Talking about mortality is never easy. However, one positive approach is to connect memories and experiences with family mementos, thereby initiating the conversation around storytelling. Again, the home visit can give rise to a meaningful conversation that leads to decisionmaking about non-titled assets. Observing a particular collection and engaging the client in a discussion about its origin, its importance to the client and its possible value will often suggest a planning opportunity. Glass sculpture in the vitrines in the living room (and family room and dining room, suggesting an extensive and valued collection), might indicate that the client has a passion for art glass, has spent a fair amount of money acquiring examples, will likely love to talk about his collection and, yes, will tell you that museums don’t want it, and he simply doesn’t know what will happen to it when he’s gone. He may say his plan is to let his children figure it out later. You happen to know that one of his children is recently divorced and contemplating moving home (not a good candidate), and the other has just purged his own home of things as a “less is more” follower. In short, a beloved collection can quickly become an albatross to heirs that’s best handled by the collector himself. The advisor’s role is to discover the issues, understand the values and the options and help coach the client/collector to consider alternatives for disposing of the assets to the best advantage of all involved. In this case, preparing the heirs with contacts and dealers may be the appropriate next step.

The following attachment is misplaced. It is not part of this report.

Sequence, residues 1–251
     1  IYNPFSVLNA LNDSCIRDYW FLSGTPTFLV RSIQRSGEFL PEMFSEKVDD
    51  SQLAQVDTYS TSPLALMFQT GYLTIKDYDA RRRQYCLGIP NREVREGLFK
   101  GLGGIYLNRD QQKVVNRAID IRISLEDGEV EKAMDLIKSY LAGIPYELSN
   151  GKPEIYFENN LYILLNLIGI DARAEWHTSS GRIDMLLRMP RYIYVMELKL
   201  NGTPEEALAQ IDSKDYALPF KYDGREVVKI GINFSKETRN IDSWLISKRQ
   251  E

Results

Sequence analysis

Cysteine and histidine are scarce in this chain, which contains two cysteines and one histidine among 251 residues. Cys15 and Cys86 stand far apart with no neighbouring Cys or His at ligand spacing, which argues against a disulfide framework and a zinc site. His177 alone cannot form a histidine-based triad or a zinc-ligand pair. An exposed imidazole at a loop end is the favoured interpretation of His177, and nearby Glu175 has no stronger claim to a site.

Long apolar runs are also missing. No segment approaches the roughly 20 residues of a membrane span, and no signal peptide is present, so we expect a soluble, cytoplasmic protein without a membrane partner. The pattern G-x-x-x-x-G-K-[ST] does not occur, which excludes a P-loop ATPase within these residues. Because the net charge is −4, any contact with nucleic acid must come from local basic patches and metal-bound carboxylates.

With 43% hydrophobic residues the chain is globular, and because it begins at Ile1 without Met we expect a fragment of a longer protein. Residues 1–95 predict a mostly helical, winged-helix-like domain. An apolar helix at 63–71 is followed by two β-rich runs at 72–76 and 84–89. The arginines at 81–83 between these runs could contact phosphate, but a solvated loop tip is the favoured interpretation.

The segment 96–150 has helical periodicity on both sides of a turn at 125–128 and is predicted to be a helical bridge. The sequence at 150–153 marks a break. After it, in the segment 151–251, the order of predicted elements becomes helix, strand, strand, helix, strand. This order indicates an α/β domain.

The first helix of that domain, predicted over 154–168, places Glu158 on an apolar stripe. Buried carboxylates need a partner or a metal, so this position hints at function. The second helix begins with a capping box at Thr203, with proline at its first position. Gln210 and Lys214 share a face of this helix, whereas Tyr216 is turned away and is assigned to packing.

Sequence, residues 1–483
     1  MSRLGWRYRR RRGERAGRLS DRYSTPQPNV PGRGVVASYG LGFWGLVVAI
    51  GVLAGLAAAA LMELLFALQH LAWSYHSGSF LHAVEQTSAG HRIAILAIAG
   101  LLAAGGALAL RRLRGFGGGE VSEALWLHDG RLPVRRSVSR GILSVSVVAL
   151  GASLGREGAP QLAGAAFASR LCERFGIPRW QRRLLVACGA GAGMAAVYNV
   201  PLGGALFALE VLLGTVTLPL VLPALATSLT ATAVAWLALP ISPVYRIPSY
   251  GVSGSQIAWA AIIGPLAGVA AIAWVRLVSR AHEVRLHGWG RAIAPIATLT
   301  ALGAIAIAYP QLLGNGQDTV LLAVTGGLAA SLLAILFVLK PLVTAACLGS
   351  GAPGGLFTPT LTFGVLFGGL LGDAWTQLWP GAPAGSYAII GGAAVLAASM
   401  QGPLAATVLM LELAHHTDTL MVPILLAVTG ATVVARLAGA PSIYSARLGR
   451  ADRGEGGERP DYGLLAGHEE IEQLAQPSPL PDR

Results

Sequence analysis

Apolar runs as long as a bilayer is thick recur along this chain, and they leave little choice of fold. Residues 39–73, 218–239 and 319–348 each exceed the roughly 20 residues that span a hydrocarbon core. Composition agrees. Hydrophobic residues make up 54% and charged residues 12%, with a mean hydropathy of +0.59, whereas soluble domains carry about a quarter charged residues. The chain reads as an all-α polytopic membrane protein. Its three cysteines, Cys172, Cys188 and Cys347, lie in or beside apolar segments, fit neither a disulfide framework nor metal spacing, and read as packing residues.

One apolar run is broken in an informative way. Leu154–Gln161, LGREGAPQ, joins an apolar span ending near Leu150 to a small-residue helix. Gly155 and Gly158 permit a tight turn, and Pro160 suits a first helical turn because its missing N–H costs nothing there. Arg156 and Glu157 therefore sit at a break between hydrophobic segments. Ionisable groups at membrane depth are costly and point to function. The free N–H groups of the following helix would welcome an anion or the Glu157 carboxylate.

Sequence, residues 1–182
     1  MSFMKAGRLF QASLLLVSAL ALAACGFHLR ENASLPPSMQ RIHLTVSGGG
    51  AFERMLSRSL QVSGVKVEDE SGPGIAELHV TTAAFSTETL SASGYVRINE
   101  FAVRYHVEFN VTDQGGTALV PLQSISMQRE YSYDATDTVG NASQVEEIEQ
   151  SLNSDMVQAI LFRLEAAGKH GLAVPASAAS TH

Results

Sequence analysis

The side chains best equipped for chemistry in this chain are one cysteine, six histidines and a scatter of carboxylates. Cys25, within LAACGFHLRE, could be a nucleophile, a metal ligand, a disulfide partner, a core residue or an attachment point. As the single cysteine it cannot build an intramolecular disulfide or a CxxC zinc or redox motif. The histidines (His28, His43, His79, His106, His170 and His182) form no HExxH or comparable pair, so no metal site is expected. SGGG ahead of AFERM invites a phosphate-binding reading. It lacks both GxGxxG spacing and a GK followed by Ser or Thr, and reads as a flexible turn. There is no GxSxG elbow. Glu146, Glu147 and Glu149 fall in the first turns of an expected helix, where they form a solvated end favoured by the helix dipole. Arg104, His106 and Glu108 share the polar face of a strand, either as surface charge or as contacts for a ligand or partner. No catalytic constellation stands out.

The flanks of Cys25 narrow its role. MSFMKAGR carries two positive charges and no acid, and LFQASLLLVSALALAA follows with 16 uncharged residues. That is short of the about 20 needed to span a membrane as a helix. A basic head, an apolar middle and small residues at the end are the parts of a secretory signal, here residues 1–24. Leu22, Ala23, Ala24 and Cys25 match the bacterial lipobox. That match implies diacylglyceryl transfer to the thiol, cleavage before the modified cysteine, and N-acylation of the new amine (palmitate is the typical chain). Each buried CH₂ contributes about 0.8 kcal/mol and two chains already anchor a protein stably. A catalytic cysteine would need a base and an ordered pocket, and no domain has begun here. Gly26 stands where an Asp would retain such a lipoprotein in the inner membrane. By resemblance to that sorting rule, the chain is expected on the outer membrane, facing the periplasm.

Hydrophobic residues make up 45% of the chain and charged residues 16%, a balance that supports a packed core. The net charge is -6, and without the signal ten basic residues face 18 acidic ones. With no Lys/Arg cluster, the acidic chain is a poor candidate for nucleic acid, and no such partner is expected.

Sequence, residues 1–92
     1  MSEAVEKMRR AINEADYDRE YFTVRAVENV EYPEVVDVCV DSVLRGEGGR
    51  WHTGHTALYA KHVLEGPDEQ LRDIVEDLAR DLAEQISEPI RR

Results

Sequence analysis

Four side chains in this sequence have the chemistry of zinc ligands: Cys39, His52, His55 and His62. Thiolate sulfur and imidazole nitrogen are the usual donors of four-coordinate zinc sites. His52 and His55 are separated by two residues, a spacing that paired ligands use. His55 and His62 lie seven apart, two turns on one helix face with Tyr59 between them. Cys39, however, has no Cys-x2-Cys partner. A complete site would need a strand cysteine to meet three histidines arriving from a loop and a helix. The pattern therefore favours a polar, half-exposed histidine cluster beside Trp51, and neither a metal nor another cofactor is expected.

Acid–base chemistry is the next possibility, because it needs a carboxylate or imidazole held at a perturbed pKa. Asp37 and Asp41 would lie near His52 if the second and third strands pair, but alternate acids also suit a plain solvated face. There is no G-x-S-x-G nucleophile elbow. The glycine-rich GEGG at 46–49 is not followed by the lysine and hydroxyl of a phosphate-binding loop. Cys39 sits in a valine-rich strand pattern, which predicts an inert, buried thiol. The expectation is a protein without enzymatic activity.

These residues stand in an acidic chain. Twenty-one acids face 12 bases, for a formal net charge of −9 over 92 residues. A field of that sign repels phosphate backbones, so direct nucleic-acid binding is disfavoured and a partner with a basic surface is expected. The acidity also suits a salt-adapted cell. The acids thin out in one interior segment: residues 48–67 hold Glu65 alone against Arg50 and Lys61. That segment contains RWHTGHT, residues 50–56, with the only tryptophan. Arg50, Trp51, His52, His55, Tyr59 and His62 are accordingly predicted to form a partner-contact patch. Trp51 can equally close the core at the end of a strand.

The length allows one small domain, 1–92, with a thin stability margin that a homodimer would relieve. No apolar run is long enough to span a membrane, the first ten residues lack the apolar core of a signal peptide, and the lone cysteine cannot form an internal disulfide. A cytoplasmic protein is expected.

Another approach for family members that advisors can suggest is a “what if” conversation: “Mom, what if something were to happen to you? Are there particular things you have in mind for each of us?” This can open the door to a meaningful dialogue that will save heartache and strain when that parent is deceased.


Decide During Life 

The decisions about who will get what can be made during life or at death. If made during life, then the decisions will certainly reflect the clients’ wishes. This again offers the opportunity for both storytelling, as well as confirming that the recipient wants the object and can take it (again, complicated by small urban apartments, the trend toward more frequent job changes and moves). The conversation doesn’t necessarily have to go into specific objects, but can be directional about how the client would like distribution to occur after his death. Scratch below the surface and most clients have a (general) vision of how they expect their heirs to divvy up their property (“I know my art books will go to my granddaughter,” without any idea of whether the granddaughter will have any interest or capacity to take them on). Further, parents may have ideas about the rivalries and behaviors of their children, even if they won’t confront them, and often admit to worrying about precisely the rancor the division will cause.

Another related situation occurs when a parent is incapacitated and a child or advisor is acting as trustee or pursuant to a durable power of attorney. What were the intents of the parent/principal with respect to his property? What needs to be sold, if anything, to raise funds for care? Consideration of how to advise in this example may be anticipated if advisors and/or family members are able to engage in dialogue with the parent/principal before incapacity occurs. 


Dividing Up Assets

Methods for dividing up assets include:


1. Sale. If the parent has put together a collection, he’s most likely in the best position to know how to dispose of or sell it. He’ll know the dealers in that collectible, have stories about the collection, know its high points and may know potential buyers. One book collector was able to negotiate a sale/gift to a university library of her collection that would never have been possible by the family; this brought enormous joy and pride to the owner, provided liquidity during life and, possibly most importantly, saved the family from the burden of figuring out what to do with a relatively obscure collection after the death of the parent.

2. Letter of instruction. Identify in writing who’s to receive each item of non-titled property. A letter of instruction may not be legally binding, as a provision in a will would be, depending on the jurisdiction, but it can offer guidance to the heirs as to intent.2